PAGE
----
Pro­posed tax policies also will ap­pear on sev­er­al state bal­lots, as well as bond is­sues and oth­er trans­port­a­tion fin­ance ques­tions, and wheth­er to either ex­pand casino gambling or pre­vent gambling. One meas­ure would re­strict ways that Maine res­id­ents can hunt for bears; an­oth­er would ush­er in drug test­ing of doc­tors; and an­oth­er would de­term­ine wheth­er Ore­gon judges should be per­mit­ted to serve in the Na­tion­al Guard or work at a uni­versity.

Justine Sarv­er, ex­ec­ut­ive dir­ect­or of the pro­gress­ive Bal­lot Ini­ti­at­ive Strategy Cen­ter, said that any over­arch­ing theme to this year’s bal­lot ini­ti­at­ives would be the “frus­tra­tion with gov­ern­ment” or the pace of gov­ern­ment seen as do­ing little. She said that re­gard­less of wheth­er cer­tain ini­ti­at­ives are bind­ing, the bal­lot pro­cess gives cit­izens an op­por­tun­ity to have some “dir­ect say” on is­sues—and typ­ic­ally also forces can­did­ates to take a stand on these ini­ti­at­ives as well.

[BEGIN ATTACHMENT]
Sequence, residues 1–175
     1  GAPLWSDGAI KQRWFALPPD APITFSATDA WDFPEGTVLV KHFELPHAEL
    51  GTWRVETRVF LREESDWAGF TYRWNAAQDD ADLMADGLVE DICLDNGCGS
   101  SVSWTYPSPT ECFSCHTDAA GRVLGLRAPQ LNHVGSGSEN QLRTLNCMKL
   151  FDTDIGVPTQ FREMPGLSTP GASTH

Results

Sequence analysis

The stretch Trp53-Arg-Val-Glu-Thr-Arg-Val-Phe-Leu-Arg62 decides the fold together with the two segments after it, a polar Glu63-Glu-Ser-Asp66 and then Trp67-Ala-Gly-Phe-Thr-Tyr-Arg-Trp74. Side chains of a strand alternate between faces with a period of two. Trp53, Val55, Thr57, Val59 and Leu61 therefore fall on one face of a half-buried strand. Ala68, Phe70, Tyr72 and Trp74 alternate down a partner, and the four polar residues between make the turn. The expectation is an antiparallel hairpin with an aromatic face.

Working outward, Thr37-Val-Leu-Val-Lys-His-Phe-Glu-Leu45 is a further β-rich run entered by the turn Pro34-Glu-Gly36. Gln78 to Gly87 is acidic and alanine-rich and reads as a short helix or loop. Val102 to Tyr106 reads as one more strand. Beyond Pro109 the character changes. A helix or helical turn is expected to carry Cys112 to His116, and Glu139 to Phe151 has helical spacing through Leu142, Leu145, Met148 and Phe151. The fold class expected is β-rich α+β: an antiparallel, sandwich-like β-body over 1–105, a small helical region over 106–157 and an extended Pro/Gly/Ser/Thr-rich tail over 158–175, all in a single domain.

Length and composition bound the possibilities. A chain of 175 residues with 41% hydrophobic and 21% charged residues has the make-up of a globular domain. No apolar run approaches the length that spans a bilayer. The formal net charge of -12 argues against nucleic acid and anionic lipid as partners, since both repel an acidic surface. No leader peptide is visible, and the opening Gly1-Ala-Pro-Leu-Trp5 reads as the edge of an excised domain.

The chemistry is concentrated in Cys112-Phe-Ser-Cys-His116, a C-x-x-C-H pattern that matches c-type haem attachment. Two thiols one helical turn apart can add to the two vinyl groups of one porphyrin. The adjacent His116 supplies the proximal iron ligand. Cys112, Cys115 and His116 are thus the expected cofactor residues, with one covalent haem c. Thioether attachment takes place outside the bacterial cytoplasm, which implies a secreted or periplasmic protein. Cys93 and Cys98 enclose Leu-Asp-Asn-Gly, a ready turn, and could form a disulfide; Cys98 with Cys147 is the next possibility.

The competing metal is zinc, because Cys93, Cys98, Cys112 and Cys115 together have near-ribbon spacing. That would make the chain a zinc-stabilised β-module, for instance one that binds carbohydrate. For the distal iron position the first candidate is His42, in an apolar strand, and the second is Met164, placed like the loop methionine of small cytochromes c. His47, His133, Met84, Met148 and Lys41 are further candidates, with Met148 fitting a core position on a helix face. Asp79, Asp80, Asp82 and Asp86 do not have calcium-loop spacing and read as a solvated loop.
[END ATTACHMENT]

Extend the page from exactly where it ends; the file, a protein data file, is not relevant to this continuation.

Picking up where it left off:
An­oth­er theme could be the will­ing­ness of cor­por­a­tions and oth­er en­tit­ies to spend for or against ini­ti­at­ives that could im­pact their busi­ness in­terests. For in­stance, a pro­pos­i­tion in Cali­for­nia to give the state more au­thor­ity to reg­u­late in­sur­ance rates has led in­sur­ance com­pan­ies to spend more than $25 mil­lion to de­feat the meas­ure.

Then there’s the po­ten­tial “spillover” im­pact on oth­er races—something hoped for in Alaska by Wen­strup, the Demo­crat­ic chair­man.

Ac­cord­ing to the Ini­ti­at­ive and Ref­er­en­dum In­sti­tute of the Uni­versity of South­ern Cali­for­nia, some re­search in­dic­ates bal­lot pro­pos­i­tions do at­tract more voters to the polls—per­haps as much as an ad­ded 1 per­cent for each pro­pos­i­tion. But the in­sti­tute also says in its elec­tion pre­view that high­er-pro­file pro­pos­i­tions tend to at­tract both sup­port­ers and op­pon­ents—and it is not clear which group is more likely to be drawn to the polls or which way the net ef­fect runs.